Blog Hero

The Best Eye Drops for Dry Eye (2021 Edition)

Find A Location
Rendering of dry eye with inflamed red blood vessels

Nobody likes dry eyes, but over 16 million Americans have been diagnosed with this irritating condition—and the actual number of people who suffer from dry eyes is likely much higher. Eye drops (or artificial tears) represent one of the leading forms of therapy for dry eyes, but with all the different kinds available, how are you supposed to know which drops to choose?

Don’t worry; we’ve been hard at work evaluating different kinds of eye drops so that you can choose the best type for your needs. We’ve helped countless people diagnose eye problems like dry eye syndrome at our practice, so we’re happy to share our knowledge of what works and what doesn’t. Read on, and use our recommendations to have informed conversations with your eye doctor about managing dry eyes.

How Eye Drops Can Help with Managing Dry Eyes

Dry eyes occur when your eyes either stop producing the right amount of tears or the tears they do create evaporate too fast. Numerous factors can contribute to dry eyes, but it often stems from a problem with one of two glands that assist with tear production: the lacrimal glands and the meibomian glands.

Lacrimal glands are responsible for producing tears, and meibomian glands create oils that stabilize your tears and prevent them from evaporating too quickly. Problems with either type of gland can leave your eyes without adequate lubrication, causing discomfort and increasing your risk of an eye infection.

So, where do eye drops come into the mix? Simple: they provide lubrication for your eyes when your natural tear film can’t. However, specific prescription eye drops may also contain medications to help stabilize the tear film. These eye drops can be useful for managing dry eyes caused by meibomian gland dysfunction.

Man adding artificial tears to eye with dropper

What Eye Drops Are Best for Dry Eyes in 2021?

We aren’t going to spend this article plugging specific brands, but we do want to explain the differences between specific types of eye drops and their active ingredients. Understanding these nuances will allow you to select the category of eyedrops best suited to reducing the symptoms of your dry eyes.

Over-the-Counter Eye Drops

Most over-the-counter eye drops are intended to provide quick and temporary relief for dry eyes. However, they are typically unable to deal with dry eye syndrome’s more severe symptoms, such as inflammation. Over-the-counter eye drops generally include various humectants—a category of substance that help retain moisture—along with lubricants and electrolytes.

One of the most popular over-the-counter eye drop brands this year is Rohto, which sells numerous eye drops claiming to reduce redness in people with dry eyes. Eye drops that reduce redness generally use naphazoline hydrochloride, a decongestant that can provide minor relief for redness by constricting some blood vessels. 

Anti-Inflammatory Eye Drops

Meibomian gland dysfunction sometimes results from inflammation that presses nearby tissues together, clogging the glands. Eye drops that contain anti-inflammatories, such as cyclosporine, can reduce the swelling in these areas and once more allow oil from these glands to reach the tear film. However, most cyclosporine eye drops require a prescription—so you’ll need to visit an eye doctor before you can obtain them.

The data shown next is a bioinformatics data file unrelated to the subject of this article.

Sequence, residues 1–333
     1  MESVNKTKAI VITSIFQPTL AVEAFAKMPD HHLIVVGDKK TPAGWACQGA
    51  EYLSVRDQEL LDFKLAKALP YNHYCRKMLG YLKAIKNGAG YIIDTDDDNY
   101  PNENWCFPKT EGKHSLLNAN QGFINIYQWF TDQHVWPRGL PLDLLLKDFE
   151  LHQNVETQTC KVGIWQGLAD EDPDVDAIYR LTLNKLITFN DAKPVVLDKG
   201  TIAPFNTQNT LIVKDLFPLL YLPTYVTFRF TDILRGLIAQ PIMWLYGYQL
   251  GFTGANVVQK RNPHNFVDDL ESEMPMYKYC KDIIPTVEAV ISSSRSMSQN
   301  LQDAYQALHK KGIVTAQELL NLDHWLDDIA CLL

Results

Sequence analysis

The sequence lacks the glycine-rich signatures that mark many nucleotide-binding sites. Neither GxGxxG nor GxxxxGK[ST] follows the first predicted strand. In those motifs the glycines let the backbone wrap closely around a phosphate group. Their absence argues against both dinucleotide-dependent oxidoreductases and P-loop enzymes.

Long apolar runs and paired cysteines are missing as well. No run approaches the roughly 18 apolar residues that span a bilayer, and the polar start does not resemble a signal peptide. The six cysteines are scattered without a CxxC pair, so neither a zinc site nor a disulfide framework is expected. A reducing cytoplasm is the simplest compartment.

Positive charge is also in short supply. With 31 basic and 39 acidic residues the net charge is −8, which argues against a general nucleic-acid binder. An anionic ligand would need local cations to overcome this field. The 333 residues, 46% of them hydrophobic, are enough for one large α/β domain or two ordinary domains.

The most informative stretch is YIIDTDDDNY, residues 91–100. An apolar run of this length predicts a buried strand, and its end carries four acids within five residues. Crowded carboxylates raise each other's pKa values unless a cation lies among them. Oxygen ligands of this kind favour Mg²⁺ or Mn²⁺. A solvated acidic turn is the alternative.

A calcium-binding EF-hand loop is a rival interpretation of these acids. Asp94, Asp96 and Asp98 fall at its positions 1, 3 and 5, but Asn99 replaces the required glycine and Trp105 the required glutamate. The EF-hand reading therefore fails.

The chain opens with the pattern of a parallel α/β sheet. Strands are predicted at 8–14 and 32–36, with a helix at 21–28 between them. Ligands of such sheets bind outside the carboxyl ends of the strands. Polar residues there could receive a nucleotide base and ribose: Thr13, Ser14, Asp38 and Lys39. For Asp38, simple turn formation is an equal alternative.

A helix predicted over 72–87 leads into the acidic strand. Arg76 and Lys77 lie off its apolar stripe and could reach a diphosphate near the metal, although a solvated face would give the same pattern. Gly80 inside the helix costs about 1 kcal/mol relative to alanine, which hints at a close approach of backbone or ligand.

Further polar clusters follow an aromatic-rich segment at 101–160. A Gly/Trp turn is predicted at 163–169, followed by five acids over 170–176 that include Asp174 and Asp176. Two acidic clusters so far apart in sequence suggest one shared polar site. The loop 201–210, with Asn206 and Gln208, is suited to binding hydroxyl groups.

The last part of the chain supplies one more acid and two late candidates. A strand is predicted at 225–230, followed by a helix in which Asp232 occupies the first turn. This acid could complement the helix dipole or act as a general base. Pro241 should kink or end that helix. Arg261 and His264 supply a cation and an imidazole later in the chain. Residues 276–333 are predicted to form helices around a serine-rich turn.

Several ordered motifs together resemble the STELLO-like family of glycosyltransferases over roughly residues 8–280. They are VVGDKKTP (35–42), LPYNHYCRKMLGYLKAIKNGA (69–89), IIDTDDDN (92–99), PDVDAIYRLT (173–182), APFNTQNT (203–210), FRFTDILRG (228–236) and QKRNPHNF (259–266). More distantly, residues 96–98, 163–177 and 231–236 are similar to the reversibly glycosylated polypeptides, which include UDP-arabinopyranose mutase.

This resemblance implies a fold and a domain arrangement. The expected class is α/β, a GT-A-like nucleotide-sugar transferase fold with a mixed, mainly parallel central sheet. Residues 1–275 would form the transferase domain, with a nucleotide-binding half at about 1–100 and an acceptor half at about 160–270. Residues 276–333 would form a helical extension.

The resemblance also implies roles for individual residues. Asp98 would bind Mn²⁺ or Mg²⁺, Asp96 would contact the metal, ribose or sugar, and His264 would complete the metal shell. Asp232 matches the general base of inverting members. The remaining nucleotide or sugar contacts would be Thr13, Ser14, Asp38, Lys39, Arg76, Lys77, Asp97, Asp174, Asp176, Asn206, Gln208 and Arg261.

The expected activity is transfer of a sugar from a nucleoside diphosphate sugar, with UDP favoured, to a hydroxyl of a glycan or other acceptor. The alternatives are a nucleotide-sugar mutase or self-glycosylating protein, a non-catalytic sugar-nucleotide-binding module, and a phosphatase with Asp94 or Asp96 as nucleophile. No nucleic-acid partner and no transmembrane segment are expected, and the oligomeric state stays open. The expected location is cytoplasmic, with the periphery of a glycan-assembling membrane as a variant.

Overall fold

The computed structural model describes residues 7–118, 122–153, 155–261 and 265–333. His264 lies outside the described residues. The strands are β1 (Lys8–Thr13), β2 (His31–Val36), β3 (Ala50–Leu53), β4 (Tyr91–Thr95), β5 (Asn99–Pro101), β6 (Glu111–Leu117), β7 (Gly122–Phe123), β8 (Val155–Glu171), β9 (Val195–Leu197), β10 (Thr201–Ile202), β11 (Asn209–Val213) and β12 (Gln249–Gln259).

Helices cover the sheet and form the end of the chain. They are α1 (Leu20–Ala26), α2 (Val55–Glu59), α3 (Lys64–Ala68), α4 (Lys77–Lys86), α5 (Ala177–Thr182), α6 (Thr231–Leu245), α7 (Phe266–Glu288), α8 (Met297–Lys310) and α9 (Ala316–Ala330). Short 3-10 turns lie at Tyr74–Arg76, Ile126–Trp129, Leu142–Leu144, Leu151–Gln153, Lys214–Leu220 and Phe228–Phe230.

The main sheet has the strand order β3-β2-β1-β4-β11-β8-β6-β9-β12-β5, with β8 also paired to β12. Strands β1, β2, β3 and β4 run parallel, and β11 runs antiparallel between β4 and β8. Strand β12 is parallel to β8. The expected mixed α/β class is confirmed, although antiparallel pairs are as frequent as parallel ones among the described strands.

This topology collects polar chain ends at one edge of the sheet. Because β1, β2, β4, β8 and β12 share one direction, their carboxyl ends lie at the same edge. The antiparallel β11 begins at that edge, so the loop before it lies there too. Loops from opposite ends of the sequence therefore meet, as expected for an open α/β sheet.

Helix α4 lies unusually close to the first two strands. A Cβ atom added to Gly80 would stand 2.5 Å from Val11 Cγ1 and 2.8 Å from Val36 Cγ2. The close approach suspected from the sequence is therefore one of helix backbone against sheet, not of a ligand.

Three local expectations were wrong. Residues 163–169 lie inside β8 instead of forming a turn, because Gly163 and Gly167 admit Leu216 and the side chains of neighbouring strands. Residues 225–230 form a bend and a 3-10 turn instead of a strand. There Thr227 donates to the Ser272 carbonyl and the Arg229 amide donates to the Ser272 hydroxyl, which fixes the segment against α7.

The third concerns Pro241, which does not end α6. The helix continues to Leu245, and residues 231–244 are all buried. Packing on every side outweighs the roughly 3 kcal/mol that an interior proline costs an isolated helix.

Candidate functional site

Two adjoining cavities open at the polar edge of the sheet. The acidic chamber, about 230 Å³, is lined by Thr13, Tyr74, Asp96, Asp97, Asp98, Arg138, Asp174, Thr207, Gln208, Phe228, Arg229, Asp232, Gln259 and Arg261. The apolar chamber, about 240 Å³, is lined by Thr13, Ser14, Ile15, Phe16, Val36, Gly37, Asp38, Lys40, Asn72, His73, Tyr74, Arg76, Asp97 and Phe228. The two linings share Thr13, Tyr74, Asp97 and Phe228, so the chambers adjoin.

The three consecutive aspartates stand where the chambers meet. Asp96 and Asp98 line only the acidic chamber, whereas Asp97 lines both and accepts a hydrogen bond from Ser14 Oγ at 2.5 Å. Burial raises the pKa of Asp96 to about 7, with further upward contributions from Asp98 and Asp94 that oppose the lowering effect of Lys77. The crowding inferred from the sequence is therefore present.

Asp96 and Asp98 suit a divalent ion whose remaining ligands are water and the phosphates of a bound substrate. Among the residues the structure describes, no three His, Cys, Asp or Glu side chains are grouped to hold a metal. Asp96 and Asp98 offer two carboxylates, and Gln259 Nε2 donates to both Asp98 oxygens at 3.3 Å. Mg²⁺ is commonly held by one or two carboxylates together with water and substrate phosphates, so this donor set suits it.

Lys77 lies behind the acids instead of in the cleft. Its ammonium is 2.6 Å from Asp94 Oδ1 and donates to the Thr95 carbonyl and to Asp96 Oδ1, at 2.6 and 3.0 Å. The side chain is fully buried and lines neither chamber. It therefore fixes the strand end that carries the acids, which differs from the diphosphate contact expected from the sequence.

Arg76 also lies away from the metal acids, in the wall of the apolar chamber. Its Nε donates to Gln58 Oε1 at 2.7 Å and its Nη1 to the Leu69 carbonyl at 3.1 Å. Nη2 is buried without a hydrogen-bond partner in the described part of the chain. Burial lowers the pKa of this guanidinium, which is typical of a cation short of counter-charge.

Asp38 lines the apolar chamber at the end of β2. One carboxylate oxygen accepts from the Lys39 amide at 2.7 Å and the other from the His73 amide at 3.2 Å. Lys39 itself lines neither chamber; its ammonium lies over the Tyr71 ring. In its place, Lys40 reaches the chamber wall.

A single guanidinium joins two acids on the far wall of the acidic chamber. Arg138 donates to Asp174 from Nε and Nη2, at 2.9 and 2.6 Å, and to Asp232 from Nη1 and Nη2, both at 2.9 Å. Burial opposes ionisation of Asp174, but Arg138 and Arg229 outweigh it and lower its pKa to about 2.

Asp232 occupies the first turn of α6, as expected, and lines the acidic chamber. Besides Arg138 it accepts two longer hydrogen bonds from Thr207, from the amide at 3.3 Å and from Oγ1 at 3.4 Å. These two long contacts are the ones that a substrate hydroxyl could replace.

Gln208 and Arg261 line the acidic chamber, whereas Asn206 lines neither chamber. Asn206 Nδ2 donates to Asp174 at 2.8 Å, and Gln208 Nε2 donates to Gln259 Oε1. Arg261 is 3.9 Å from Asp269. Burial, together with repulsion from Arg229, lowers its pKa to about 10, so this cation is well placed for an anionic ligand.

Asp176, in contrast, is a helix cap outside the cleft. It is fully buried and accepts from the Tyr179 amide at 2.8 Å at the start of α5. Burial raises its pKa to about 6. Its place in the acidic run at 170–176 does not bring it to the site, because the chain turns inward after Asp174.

Restasis is one of the most popular anti-inflammatory eye drop brands. The FDA has determined that it may help increase tear production in adults suffering from dry eyes.

Eye Drops with Oil

Most eye drops contain lubricant of some kind, but several varieties contain oil specifically intended to replace oil that is missing from your tear film. Eye drops containing castor oil have been shown to increase tear stability in patients with dry eyes, and assist with the management of meibomian gland disease.

Refresh Optive is a popular brand of eye drops, offering several products containing castor oil. Systane Balance is another product that has been shown to improve symptoms for people with dry eyes (using mineral oil).

Trust Your Eye Doctor’s Recommendation

Ultimately, only a qualified eye doctor with detailed knowledge of your case can definitively recommend specific products to help you manage dry eyes. Make sure to arrange regular eye exams with your optometrist or ophthalmologist so that you can give them a clear picture of your eye health, then trust their advice about the best eye drops to use.

Written by Daniel Rowan

Reno optometrist, Dr. Daniel Rowan, was raised in Western Canada and attended Norwich University in Vermont on a hockey scholarship. After obtaining a Bachelor of Science degree in both biology and sports medicine, he received his Doctor of Optometry (OD) degree from the New York College of Optometry in 2001. He performed rotations in a Queens VA hospital, specializing in glaucoma care, and an outpatient eye clinic in the Bronx. Immediately after graduating, he moved to Nevada and is now considered a top Reno optometrist. He is a member of the American Optometric Association and is board-certified by the National Board of Examiners in Optometry for the treatment and management of ocular diseases.
instagram facebook facebook2 pinterest twitter google-plus google linkedin2 yelp youtube phone location calendar share2 link star-full star star-half chevron-right chevron-left chevron-down chevron-up envelope fax